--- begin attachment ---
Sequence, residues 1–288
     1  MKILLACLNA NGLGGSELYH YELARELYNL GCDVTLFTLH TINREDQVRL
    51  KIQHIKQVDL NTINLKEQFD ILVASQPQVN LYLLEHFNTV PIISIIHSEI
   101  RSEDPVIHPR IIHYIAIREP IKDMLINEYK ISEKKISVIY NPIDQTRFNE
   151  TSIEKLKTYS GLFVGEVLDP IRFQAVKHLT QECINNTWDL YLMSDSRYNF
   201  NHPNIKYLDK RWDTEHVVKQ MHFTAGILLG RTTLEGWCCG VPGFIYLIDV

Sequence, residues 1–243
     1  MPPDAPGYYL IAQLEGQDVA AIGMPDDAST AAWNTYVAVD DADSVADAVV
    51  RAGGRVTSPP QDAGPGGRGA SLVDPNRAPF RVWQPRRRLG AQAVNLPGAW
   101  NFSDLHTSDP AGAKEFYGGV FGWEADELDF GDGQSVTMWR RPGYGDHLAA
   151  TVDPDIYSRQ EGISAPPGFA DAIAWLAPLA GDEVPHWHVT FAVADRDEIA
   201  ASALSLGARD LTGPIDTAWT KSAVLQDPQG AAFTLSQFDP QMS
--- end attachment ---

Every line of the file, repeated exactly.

Sequence, residues 1–288
     1  MKILLACLNA NGLGGSELYH YELARELYNL GCDVTLFTLH TINREDQVRL
    51  KIQHIKQVDL NTINLKEQFD ILVASQPQVN LYLLEHFNTV PIISIIHSEI
   101  RSEDPVIHPR IIHYIAIREP IKDMLINEYK ISEKKISVIY NPIDQTRFNE
   151  TSIEKLKTYS GLFVGEVLDP IRFQAVKHLT QECINNTWDL YLMSDSRYNF
   201  NHPNIKYLDK RWDTEHVVKQ MHFTAGILLG RTTLEGWCCG VPGFIYLIDV

Sequence, residues 1–243
     1  MPPDAPGYYL IAQLEGQDVA AIGMPDDAST AAWNTYVAVD DADSVADAVV
    51  RAGGRVTSPP QDAGPGGRGA SLVDPNRAPF RVWQPRRRLG AQAVNLPGAW
   101  NFSDLHTSDP AGAKEFYGGV FGWEADELDF GDGQSVTMWR RPGYGDHLAA
   151  TVDPDIYSRQ EGISAPPGFA DAIAWLAPLA GDEVPHWHVT FAVADRDEIA
   201  ASALSLGARD LTGPIDTAWT KSAVLQDPQG AAFTLSQFDP QMS